How Fast Food Giants Capitalise on Young People Online in a Broken Food System
Resolutions are often focused on becoming healthier, often by changing our diets so they contain less processed and sugary foods like chocolate for example. But how many of us succeed? Are you like me and likely to fail at the first hurdle of temptation? Ever asked yourself why that is?
Ever considered that it might not be about you, but more about a broken food system and a toxic culture created by fast-food giants.
If we do not actively make a stand, who will?
At the heart of the problem lies targeted and highly effective junk food marketing. If you compare the ever-shrinking budgets for public health professionals, to the massive sums being poured into persuasive advertising it is no wonder children's health is being affected as we are lured into buying more fast food. Studies have shown that every single second in the UK 500 junk food ads go out online that are seen by kids.
And it infiltrates every aspect of our lives, be that appetising food ads as you scroll through social media and watch TV, or leaflets through your letterbox, or bill-boards on motorways or on your route to school. They all capture our attention.
In an attempt to expose the true scale of this, BiteBack 2030 carried out a social experiment with young people employing sneaky tactics that the food industry uses. All 8 teenagers ended up picking the same unhealthy meal and all noted how they never realised at the time, but all of these marketing tactics influence your choices on food subconsciously. Another even noted how colour played a role in his choice. Red, orange and yellow are the most popular colours used in junk food marketing, for a reason!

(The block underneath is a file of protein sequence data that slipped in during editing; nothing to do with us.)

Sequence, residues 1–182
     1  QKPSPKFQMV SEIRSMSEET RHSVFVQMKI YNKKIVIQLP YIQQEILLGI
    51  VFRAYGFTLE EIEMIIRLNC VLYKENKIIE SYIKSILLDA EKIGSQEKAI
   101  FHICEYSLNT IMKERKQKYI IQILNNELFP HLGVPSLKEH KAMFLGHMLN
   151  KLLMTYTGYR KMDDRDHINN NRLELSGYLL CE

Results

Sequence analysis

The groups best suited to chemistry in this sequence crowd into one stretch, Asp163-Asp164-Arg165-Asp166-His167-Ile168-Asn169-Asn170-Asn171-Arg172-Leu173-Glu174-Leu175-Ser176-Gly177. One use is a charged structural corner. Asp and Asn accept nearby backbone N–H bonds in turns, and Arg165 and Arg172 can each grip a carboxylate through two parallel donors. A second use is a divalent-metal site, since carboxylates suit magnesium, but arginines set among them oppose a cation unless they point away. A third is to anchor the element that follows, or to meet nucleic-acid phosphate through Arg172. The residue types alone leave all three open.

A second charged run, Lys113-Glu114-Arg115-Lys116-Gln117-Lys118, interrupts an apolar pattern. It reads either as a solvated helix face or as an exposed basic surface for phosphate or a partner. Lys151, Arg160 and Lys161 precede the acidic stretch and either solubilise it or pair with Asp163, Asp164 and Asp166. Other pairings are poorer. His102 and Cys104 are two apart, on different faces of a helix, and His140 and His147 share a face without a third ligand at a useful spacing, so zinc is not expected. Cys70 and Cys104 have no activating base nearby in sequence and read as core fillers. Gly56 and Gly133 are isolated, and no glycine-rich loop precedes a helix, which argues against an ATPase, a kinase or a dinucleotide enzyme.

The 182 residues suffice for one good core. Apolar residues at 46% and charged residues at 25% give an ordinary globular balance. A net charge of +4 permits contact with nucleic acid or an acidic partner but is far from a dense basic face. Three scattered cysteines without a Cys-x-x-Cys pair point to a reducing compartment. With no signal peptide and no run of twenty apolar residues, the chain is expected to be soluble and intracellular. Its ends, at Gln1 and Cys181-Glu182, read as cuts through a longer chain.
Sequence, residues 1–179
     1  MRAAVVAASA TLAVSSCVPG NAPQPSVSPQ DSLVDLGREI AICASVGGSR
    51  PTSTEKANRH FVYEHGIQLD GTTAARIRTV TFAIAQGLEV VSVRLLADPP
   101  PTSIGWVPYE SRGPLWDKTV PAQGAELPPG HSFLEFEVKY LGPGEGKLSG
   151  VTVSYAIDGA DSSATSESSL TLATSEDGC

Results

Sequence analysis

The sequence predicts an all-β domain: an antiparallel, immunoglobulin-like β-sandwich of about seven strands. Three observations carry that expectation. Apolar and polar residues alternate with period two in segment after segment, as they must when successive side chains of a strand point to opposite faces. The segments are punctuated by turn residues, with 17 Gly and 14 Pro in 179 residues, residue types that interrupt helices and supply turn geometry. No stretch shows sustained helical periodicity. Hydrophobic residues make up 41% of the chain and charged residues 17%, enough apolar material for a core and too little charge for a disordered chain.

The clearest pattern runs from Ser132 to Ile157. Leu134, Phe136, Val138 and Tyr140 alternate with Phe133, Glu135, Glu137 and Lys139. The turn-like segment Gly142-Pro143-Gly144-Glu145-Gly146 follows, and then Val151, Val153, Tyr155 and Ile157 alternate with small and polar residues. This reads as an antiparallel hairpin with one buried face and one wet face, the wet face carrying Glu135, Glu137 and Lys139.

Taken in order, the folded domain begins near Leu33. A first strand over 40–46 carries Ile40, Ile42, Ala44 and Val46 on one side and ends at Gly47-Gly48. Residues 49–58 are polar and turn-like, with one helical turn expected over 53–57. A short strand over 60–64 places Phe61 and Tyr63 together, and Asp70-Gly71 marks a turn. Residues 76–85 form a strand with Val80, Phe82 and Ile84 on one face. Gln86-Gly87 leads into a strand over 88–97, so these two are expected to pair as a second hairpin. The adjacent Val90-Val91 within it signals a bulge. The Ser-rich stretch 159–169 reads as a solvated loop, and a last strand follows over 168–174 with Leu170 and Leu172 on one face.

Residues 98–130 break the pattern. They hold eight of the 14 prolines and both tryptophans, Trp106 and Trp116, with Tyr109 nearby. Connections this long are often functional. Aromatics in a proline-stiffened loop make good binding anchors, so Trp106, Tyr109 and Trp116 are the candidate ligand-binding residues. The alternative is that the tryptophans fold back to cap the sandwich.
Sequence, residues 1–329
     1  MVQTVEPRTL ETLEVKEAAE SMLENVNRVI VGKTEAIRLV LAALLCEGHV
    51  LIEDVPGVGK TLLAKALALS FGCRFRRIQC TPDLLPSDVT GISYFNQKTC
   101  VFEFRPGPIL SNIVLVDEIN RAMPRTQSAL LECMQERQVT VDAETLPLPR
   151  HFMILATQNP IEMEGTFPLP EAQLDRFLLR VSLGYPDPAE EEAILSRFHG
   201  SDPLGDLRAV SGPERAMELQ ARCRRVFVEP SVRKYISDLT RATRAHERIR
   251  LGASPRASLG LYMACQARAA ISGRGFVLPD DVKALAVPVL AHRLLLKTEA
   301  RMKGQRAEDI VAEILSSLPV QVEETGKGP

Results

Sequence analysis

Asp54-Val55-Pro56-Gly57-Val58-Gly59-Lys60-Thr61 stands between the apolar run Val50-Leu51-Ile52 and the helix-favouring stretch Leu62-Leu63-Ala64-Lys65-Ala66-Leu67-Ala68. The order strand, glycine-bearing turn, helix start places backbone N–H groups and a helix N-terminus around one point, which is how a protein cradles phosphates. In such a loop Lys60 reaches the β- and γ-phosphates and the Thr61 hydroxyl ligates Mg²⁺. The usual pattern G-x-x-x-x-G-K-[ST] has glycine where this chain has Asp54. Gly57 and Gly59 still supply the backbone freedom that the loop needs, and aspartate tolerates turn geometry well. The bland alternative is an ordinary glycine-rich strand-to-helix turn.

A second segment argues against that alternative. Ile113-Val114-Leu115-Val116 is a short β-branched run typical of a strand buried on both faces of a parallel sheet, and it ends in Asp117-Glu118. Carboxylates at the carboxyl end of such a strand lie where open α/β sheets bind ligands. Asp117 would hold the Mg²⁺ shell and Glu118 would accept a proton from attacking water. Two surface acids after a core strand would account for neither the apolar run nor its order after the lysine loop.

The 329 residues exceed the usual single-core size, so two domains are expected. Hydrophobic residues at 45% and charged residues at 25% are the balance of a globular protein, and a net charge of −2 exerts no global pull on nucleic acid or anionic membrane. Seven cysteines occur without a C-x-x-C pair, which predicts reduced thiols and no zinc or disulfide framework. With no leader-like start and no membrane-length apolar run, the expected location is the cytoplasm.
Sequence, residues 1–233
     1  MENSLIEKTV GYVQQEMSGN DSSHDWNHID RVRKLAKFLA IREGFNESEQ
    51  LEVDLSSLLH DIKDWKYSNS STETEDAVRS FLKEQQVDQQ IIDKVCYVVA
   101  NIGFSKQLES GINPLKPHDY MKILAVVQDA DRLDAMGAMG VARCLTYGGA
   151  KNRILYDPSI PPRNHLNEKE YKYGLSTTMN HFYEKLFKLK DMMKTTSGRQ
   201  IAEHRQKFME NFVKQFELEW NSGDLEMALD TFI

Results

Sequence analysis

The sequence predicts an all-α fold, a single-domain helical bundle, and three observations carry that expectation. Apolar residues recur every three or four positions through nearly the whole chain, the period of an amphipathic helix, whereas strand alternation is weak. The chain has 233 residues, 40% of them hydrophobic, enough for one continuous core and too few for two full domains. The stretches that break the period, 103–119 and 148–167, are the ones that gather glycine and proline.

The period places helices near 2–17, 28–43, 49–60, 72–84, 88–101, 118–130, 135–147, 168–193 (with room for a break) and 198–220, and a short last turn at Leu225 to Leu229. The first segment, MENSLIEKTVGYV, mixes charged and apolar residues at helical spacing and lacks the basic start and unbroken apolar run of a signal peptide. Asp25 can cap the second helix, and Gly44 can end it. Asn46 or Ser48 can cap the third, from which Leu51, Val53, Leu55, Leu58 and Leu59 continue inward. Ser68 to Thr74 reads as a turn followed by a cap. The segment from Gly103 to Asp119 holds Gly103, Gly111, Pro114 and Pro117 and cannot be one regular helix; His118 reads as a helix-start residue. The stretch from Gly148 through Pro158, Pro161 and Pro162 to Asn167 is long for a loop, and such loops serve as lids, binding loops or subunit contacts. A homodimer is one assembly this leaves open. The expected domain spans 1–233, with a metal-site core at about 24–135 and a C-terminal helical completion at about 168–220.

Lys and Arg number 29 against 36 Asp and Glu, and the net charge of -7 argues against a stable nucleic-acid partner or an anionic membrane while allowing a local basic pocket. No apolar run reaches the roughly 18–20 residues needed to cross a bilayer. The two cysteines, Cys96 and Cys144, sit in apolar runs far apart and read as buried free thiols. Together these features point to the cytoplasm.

We were successful in our campaign of implementing a 9pm watershed ban on junk food advertising, but we still have a long way to go.
As I have realised through my advocacy work, the discussion on social justice spans the food system, the climate crisis, education, healthcare and the systemic racism that still persists today. As a 16-year-old in the current education system, I can confidently (but not proudly) say that it does not equip us with the skills to live sustainably, despite the fact that current and future generations will grow up in a world that is affected greatly by such problems. Whilst food and environmental justice is receiving increasing attention in media, policy-making and academia, as the youth of today, we are connected to this fight for a more inclusive and sustainable planet more than ever before.
Over the past year, young people from the Bite Back 2030 Youth Board + Leaders like myself, have been committed to disrupting the food system and we have had many successes so far. From launching an amazing petition led by Christina, co-chairwoman of the BiteBack 2030 Youth Board, which got the support and backing of Marcus Rashford, we were able to help 1.4 million children benefit from free school meals over the holidays.
It showed there is nothing stopping us from disrupting the systems that are not equipped to serving us.
To change the world, one must change himself, and in gross realize, that we are, but the stepping stone of what we are to become. The individual responsibility we have for each other is immense. Tangible and real impact in society can only be achieved by collaborative action, the birth of new ideas and radical change.
Being part of this movement has allowed me to educate myself, become more mindful, forge meaningful connections and I still have so much to learn.
In the absence of strong leadership, young people possess the power of creativity and imagination to create the future we want.
Yumna, Youth Leader aged 16.